will move while Miller cap keeps the gate "stuck" and you
see the constant-current drain plateau until drain finishes
its swing, then the gate slew increases again until it hits
the stops.

Gate resistors limit the drain dV/dt but don't entirely keep
the gate dV/dt down. There, look to drive-loop area for EMI
help (though, sure, resistors will help a little if they are
placed at the driver).

But I think you want to know what, gate, drain or both is
your troublemaker.
I've heard that the rise or fall duration of MOSFET must be longer than resonant period of stray inductance and output capacitance. Output capacitance is given as 326pF in the datasheet. Best thing I can do for stray inductance is to guess, I guessed as 20nH considering the very small packages: gate driver(WSON) gate resistors(0402) MOSFET(PG-TDSON-8). That means T_resonant = 2*pi*sqrt(LstrayCoss) = 16ns. Plus safety, I decided to equate tr=tf=30ns instead of 10ns. There is only a single MOSFET that PWM dims a LED strip and I think that's a pretty simple setup. Sadly I don't have oscilloscope to test but if a problem is faced and it is resolved when I increase gate resistor then I can borrow one.

I am unsure of gate dV/dt part in dicks reply. Most of the input capacitance comes from gate-source capacitance. The gate resistor and gate-source capacitor will reduce dV/dt. But I guess you mentioned about the voltage between the driver and gate resistor. Well, I will place the resistor reallyy close to the driver, would that be good enough?

Also, I know the gate driver and MOSFET must be placed as close as possible but what about the distance between MCU and gate driver? The switch node may be noisy that's why I may want to keep it distant, since PWM signal isn't that fast a moderate distance of few centiemters seems okay maybe? Should I even place a lowpass filter between MCU and gate driver, the low pass filter will let 1kHz PWM signal without causing delays or averaging but it will attenuate 62MHz? Such as 10nF and 1.5kOhms.
The gate resistor and gate-source capacitor will reduce dV/dt.
Is it your guessing or does this information come from an application note (or other document). If the latter please post a link to it.

I tend to disagree. .. as already explained in post#3.

Also, for a focussed answer it´s best to see your schematic.

I personally think tr=tf=10ns is pretty fast, especially since you are talking about 1kHz PWM frequency. Why that fast?

Distance between MCU and gate driver:
The title focusses on gate resistance. Here the distance between MCU and driver IC does not matter.

Also you mainly talk about dV/dt. Here also the distance between MCU and driver IC does not matter.

The distance causes delay, causes noise pickup, and for sure needs to be designed for low ringing.
And since we talk about distance: Please mind that all current flows in a loop, not only from A to B.
Thus when you talk about a signal path you also need to consider it´s return path.

In any case: shorter signals are always preferred.

Usually GND is the return path and also acts as voltage reference. And especially when (fastly) switching higher current you need to consider the ground bounce, caused by both the DC current and the path´s stray inductance.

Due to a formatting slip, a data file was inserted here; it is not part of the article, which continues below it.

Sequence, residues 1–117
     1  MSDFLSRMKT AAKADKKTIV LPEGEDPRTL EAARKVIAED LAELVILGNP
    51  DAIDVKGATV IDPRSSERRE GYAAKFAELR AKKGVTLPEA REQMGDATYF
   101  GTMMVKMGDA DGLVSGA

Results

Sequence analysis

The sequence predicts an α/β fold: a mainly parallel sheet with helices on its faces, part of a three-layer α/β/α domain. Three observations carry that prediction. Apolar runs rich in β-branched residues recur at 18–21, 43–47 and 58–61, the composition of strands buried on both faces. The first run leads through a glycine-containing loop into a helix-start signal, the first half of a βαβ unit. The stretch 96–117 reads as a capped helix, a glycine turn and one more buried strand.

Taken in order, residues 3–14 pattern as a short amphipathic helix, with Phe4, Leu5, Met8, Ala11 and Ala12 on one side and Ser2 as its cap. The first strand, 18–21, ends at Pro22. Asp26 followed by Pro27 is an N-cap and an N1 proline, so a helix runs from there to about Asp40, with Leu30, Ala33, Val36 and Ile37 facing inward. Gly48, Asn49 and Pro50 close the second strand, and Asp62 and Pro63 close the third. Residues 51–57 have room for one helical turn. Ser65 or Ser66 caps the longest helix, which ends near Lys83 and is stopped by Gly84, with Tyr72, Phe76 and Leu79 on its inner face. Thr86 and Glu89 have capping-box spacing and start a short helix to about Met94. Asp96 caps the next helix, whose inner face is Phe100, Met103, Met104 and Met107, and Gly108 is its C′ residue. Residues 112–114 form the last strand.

This is my schematic. And yes I know I don't need to be that fast at switching but I still wanted to learn how to choose rise and fall times. The 30ns fast transients at the drain of MOSFET may cause the meters long LED strip to radiate electromagnetic waves all around the room, maybe for distant applications such as this, one must increase the rise and fall times to 500ns-1us. What do you think?

About grounding, I will pour ground to front and put full ground plane to the back side, I don't think 4 layer is needed but if necessary then the ground plane will be much closer to the signals of course.

About dv/dt, I just said the internal gate-source capacitor and gate-drain capacitor will charge slower because of my external gate resistor, that's why I said dv/dt will decrease.
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If you slow the Tr and Tf characteristics you are trading off EMI versus heat in
MOSFET. Caps and their ESR matter a lot in keeping it out of power leads.
Generally combinations of bulk caps like tants and ceramics best.


Keep gate R close to MOSFET.

Scope probing as you work with proto looking at ground bounce and supply
transients very helpful. Probe ground lead very short.

Regards, Dana.

I still wanted to learn how to choose rise and fall times
I recommended to read application notes from semiconductor manufacturers.
They explain what and why and how to drive MOSFETs.

--> If you read some of them ... then refer to the document/chapter/formula of rise and fall times.
Tell us what you do understand and what is unclear.

--> if you did not read any application note ... I guess I´m not the right person for this thread.

Regarding radiation:
1) we don´t know whether you talk about a small device with a single LED in a shielding metal box or you talk about the lighting installation of a huge building.
Thus we can´t give detailed recommendations.
2) you need to fulfill your country´s regulations regarding EMI. We neither know your country nor your application details
3) you are free to choose fast rise/fall ... and keep EMI low by using a HF filter

But all the above does is beyond the topic of your thread headline.

Most of the time I read datasheets of the parts and their application note, you are right, I should read more topic covering application notes. I can't refer to any application note about dv/dt reduction by gate driver, it is all based on my understanding. For the radiation, the LED strip is 5 meters long covering a room. No metal box, even the pcb is in plastic, sorry faraday :D But I chose 4 layer board for a really low density board to bring return current right under switching currents such: Signal/PWR - GND - GND - Signal/PWR. Cost for single board isn't an issue but my sanity is :D What kind of HF filter are we talking about and where? Also thanks Dana I've included tantalum caps besides decoupling caps.